HCCs: An awareness perspective

April 6, 2022 / By Richard Wetherbee

The idea that, at some point in each of our lives, we may become acutely ill, eventually leading to the development of a chronic medical condition is a very real possibility.

The truth is that any acute or chronic medical event may prompt a visit to a primary care provider (PCP). This visit could be for an annual wellness checkup or an acute assessment of an evolving or unexpected illness. 

One category of illness I want to briefly touch upon is what lies within the spectrum of a chronic disease interaction. Specifically, how an awareness of a face-to-face visit with your doctor requires additional knowledge and understanding of key elements within the clinical documentation requirements of hierarchical condition categories (HCCs).

HCCs are used by the Centers for Medicare & Medicaid Services (CMS) to determine risk adjustment factors for Medicare Advantage Organizations (MAO) programs and payments. As defined by the CMS, risk adjustment predicts the future health care expenditures of individuals based on disease burden, diagnoses and demographics. Risk adjustment modifies payments to all insurers based on an expectation of what the patient’s care will cost. So why is it so important for our providers to understand this methodology?

Well, for example, a disease interaction may manifest itself as a certain combination of diseases such as diabetes and congestive heart failure (CHF). This disease interaction between diabetes and CHF has a higher expected cost of care than someone who may only have diabetes or a patient who has only CHF. Proportionately, disease interactions result in higher risk scores for these patients when these types of disease parings are present, diagnosed and then precisely documented by a primary care provider.

Now, let’s take a minute to think about the number of patients entering a U.S. PCP office in 2022 to see their respective provider on any given day and over a calendar year. That’s a lot of visits and a tremendous amount of required documentation for our PCP, right?

Now, ask yourself how is it that our excellent PCPs can keep up with this patient demand and assure continuity of care in today’s challenging health care continuum, adhere to process improvement and flow initiatives, remain focused on quality measures, expected outcomes and seemingly navigate the continual and evolving variety of regulatory, societal and logistic challenges placed on their specific PCP practice?

Let’s pause and take a quick look through the lens of how a patient may see his experience as he enters his primary care physician’s office.

Mike is a 66-year old white male with type II diabetes mellitus (DM) and congestive heart failure (CHF). Mike just arrived at his PCP’s office for an appointment related to a very mild increase of shortness of breath upon exertion over the last two to three weeks. Mike appears in no real distress, so he checks in with registration and is ready to see his PCP.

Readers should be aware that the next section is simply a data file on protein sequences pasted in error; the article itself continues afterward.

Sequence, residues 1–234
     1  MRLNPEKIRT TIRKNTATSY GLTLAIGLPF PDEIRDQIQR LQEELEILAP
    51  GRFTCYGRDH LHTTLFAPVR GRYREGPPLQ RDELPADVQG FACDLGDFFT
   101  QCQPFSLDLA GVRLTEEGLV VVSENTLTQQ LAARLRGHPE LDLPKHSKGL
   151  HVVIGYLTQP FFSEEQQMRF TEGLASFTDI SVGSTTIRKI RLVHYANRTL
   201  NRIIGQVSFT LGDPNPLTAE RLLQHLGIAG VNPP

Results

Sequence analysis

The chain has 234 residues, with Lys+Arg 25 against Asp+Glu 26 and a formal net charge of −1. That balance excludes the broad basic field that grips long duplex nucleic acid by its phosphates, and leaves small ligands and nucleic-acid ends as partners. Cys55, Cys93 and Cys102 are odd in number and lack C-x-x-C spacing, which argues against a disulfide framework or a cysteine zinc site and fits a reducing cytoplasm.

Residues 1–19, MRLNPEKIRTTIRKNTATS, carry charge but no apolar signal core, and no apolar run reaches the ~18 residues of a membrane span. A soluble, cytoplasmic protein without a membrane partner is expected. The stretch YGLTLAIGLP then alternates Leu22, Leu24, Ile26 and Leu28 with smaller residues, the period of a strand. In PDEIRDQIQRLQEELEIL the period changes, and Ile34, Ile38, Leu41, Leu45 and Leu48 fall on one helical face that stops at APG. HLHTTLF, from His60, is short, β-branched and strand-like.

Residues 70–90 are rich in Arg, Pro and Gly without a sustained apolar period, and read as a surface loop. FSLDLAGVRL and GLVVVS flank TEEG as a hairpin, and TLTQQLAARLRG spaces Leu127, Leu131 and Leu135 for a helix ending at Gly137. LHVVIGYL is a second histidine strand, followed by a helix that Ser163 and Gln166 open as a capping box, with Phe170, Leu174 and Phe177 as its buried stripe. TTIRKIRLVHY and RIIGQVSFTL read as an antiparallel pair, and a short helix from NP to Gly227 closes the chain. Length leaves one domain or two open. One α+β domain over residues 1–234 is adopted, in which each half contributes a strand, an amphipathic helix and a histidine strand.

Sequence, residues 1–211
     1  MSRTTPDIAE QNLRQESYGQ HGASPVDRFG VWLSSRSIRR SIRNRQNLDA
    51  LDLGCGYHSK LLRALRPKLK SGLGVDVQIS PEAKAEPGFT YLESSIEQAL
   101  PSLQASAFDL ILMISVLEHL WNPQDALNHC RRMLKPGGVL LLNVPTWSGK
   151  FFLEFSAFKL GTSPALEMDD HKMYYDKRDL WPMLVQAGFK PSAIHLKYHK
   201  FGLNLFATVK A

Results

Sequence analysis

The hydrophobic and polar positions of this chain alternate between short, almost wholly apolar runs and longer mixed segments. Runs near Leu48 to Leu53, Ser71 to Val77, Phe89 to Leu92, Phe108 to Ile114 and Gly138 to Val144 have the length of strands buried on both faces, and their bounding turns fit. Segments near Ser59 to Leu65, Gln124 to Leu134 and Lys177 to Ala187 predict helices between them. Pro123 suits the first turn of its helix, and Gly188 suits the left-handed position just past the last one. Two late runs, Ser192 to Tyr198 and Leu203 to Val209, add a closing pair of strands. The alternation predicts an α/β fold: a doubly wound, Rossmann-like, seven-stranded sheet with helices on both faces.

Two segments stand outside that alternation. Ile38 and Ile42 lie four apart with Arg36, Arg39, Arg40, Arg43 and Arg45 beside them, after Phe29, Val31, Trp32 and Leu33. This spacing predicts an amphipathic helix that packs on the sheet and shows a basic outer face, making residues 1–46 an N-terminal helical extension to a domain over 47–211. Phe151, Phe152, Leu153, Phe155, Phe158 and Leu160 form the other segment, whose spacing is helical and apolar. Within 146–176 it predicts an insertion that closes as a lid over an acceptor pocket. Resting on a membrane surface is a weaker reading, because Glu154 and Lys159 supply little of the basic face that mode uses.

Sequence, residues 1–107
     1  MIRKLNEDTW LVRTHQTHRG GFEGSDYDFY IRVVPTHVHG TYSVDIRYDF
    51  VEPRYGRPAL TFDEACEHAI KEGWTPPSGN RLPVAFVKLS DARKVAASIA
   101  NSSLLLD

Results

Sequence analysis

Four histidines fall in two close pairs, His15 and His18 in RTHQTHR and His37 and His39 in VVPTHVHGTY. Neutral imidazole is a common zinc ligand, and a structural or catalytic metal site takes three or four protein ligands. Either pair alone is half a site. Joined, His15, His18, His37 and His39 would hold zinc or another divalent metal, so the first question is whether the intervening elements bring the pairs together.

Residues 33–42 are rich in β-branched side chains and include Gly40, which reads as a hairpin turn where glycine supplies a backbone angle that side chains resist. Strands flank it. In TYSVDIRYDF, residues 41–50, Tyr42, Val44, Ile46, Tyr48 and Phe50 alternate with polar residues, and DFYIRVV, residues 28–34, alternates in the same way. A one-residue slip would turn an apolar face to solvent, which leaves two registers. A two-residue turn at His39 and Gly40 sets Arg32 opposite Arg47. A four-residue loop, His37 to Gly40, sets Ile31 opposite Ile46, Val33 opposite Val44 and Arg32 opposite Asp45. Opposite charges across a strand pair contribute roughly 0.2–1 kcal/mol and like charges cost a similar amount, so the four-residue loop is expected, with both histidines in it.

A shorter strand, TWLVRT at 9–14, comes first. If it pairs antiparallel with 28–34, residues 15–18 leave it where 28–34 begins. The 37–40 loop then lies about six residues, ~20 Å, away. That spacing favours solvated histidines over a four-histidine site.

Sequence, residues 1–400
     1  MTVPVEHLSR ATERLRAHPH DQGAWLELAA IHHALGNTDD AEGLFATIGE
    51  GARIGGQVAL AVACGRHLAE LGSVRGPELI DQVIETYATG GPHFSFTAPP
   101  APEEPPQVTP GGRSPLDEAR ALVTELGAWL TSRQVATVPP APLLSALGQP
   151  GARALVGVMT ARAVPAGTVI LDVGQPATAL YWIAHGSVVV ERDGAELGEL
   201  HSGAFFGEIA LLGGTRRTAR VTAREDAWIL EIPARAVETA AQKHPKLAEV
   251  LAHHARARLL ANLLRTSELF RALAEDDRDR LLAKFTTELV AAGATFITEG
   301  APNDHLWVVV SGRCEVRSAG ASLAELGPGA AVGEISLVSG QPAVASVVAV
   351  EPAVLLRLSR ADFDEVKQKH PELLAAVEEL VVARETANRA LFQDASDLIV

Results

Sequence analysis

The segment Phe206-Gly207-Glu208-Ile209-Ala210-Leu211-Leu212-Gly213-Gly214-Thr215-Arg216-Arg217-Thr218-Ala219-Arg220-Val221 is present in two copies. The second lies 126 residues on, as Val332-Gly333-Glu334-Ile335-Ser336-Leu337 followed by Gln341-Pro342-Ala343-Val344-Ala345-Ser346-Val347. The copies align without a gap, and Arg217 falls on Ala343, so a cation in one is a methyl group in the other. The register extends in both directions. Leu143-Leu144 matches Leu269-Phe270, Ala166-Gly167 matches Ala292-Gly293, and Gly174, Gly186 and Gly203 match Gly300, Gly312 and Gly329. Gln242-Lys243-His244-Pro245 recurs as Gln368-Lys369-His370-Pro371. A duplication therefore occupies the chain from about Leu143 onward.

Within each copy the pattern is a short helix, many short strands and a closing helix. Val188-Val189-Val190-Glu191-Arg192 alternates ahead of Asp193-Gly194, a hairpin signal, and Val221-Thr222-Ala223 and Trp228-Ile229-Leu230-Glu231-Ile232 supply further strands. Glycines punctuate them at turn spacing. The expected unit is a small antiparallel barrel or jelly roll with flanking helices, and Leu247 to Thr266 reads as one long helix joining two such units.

Mike follows a staff member toward the exam room. He stops off at the scale and is asked to step on for a weight check. Then, Mike enters a previously selected exam room. He goes through a series of questions and has a set of vital signs done; all of which are entered into his medical record by a competent PCP clinical staff member.

Mike waits anxiously for his PCP who promptly arrives. Now, his PCP initiates a series of face-to-face questions related to his reason for visit, such as reviewing his history of present illness, monitor how he’s feeling today, a review of systems, discuss any new symptoms, a review of vital signs, his weight, BMI, lab results, a discussion on nutrition, his medication compliance, dosage and administration, to determine what Mike’s current overall physical state is based on these findings.

This assessment continues for several minutes and finally a treatment plan is discussed. Mike now has a very good understanding of the next steps toward his continued treatment plan associated with his DM and CHF.

Wait! What happens now and what is documented by Mike’s PCP within his medical record based on his recent visit? His DM and CHF seem under control and his medications for CHF have been re-adjusted today so, what should Mike’s PCP consider when documenting his chronic conditions with this disease interaction?

These are important items to ponder. For PCP’s, understanding the origin of a patient risk level will help make important care management decisions, such as providing greater access and resources to patients in higher risk levels. In my next blog, I will provide a snapshot discussing specific documentation criteria and the importance of understanding a patient’s risk level and how this impacts the patient experience and the PCP face-to-face interaction.

Richard Wetherbee is a clinical performance improvement specialist 3M Health Information Systems.